by Michael R. Allen
In March, I wrote about the tragic loss of an entire block of buildings in St. Louis Place due to brick rustling. Many of the houses on the 1900 block of Wright Street between Florissant Avenue and North 20th Street were owned by Paul J. McKee, Jr., but three were owned by others. (See “Brick Rustlers Decimate Wright Street Block,” March 26, 2008.) Two buildings comprising a magnificent row had been the property of DHP Investments, the failed company led by Doug Hartmann that left over 120 historic city buildings in various states of abandonment, including the landmark Nord St. Louis Turnverein. Hartmann’s buildings here were imposing three-story buildings with elegant masonry details, mansard roofs punctuated by squared dormers and even intact cast iron balconies.
Missing from my earlier coverages was mention of a row that stood across the alley on Dodier Street until this February. The two buildings at 1944-50 Dodier Street were not as exotic as their neighbors to the south, but they were every much as responsible for creating the sense of place for the neighborhood. The best part of these two buildings was their relationship: the eastern tenement building was wide and set back from the street, while its conjoined neighbor with commercial space came right up to the sidewalks on both Dodier and 20th streets. This pair beautifully demonstrated the order or urban space as it recedes from the public sphere to the semi-private. Here, the public was that which is immediate to the right-of-way, while the semi-private was removed just enough to mark the boundary between residents and passers-by. Both buildings were completely urban.
The details were also lovely. The tenement’s brick dormers pack a punch not found in the small belt courses and elegant but typical stone sills. Next door, a corbelled cornice, central dormer and vivid stone keystones give a plain brick wall pizazz. The details are common for vernacular buildings of the 1880s and 1890s, when these were built. While the rarity of such buildings and their details makes them more precious, their historic commonality provides the real significance. There was a time when such finesse was a matter of course even in working class housing.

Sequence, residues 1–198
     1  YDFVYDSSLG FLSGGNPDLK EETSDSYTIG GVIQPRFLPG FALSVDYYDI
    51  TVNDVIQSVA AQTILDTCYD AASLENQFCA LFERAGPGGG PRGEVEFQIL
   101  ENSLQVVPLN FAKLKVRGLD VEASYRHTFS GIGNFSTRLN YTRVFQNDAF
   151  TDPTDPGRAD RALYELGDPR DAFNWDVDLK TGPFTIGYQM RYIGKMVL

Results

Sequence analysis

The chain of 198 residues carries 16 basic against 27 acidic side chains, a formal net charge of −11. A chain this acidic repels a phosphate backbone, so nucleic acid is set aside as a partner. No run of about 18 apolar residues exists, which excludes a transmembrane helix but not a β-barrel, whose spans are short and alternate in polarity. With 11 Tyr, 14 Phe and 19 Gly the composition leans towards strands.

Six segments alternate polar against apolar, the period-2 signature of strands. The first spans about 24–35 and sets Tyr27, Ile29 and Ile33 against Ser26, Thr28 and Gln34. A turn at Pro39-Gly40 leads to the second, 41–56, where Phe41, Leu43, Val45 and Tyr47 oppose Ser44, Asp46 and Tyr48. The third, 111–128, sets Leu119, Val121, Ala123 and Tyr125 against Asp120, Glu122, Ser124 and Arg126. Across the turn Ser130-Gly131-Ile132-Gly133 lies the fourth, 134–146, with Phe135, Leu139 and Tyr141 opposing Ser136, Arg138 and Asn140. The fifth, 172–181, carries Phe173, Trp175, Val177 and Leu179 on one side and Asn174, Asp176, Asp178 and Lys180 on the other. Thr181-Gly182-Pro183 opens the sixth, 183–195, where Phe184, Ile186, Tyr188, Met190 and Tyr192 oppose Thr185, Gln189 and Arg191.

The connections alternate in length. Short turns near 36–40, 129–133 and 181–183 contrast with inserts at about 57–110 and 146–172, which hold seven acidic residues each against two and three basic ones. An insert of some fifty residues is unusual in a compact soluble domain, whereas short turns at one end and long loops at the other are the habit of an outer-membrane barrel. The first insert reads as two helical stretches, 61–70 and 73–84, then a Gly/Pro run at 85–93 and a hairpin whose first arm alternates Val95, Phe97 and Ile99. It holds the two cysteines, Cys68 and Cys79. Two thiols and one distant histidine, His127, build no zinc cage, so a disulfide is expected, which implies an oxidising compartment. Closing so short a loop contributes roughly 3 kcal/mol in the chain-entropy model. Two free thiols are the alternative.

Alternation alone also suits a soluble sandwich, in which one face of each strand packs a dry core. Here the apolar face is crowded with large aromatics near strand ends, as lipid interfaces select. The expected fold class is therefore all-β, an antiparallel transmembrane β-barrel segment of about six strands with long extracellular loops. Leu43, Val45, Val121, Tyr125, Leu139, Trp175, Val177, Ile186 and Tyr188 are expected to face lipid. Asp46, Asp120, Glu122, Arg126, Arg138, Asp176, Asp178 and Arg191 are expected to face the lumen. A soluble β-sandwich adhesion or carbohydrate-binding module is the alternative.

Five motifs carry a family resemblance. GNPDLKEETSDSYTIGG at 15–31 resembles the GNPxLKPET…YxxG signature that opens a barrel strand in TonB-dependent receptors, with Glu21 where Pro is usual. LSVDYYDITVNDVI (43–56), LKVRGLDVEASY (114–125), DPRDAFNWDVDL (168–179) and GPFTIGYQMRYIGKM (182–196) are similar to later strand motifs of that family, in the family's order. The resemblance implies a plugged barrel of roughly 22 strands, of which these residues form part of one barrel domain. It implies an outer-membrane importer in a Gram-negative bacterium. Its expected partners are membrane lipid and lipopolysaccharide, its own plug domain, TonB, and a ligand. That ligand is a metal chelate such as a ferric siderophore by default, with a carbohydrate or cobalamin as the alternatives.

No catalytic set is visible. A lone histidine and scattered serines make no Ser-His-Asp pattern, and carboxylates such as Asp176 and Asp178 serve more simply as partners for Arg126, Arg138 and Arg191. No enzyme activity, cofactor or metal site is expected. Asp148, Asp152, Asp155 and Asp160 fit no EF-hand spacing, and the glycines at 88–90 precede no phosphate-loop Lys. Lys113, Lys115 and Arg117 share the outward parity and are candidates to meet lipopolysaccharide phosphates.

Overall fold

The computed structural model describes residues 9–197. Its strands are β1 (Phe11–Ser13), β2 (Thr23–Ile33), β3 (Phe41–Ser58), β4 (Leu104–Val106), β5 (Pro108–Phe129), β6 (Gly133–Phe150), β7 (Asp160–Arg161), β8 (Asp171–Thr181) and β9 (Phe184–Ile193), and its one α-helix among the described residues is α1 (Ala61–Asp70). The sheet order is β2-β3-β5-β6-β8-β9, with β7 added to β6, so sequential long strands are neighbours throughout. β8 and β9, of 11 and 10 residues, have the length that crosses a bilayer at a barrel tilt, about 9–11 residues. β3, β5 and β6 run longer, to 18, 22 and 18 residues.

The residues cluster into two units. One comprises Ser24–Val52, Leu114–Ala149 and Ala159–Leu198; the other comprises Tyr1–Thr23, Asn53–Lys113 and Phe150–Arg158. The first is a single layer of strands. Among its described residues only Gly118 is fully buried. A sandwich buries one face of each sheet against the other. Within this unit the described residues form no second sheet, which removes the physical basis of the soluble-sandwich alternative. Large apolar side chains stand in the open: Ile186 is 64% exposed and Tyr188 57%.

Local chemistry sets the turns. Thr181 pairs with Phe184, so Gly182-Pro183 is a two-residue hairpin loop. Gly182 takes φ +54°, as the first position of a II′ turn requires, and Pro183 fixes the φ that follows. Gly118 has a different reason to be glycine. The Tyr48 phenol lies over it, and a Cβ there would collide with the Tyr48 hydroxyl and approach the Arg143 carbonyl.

Alas, these buildings fell into the hands of the city’s Land Reutilization Authority by the 1970s, and were vacant for awhile before Victor Casine (whose ownership of another building recently was profiled in the Vital Voice) purchased them in 1982. Casine promised rehabilitation, but did little other than allow further deterioration. The city’s Building Division reported the buildings as vacant for every year that Casine owned them. Numerous citations led to one suit filed by the city against Casine. Casine himself sued the city in 1989 for supposedly damaging the property when the Forestry Division mowed the overgrowth Casine did not trim himself.
After three years in which Casine did not pay outstanding liens and taxes on the property, the Sheriff auctioned the houses in 2003. This time was on the cusp of McKee’s purchasing, and so the buildings found no bidder. The Land Reutilization Authority took title once more, and after the rear walls collapsed was granted emergency demolition by the Building Division in January 2008. And so it goes. Those new to following land speculation and demolition in St. Louis Place should know that the tragedy is not new and has never been closer to real solutions as it is now. A long time ago, buildings bit the dust without so much as a photograph taken and owners let property decay without a call to the alderman, let alone protests at City Hall. Now, there is relatively wide attention on the future of the neighborhood. From that attention could come action.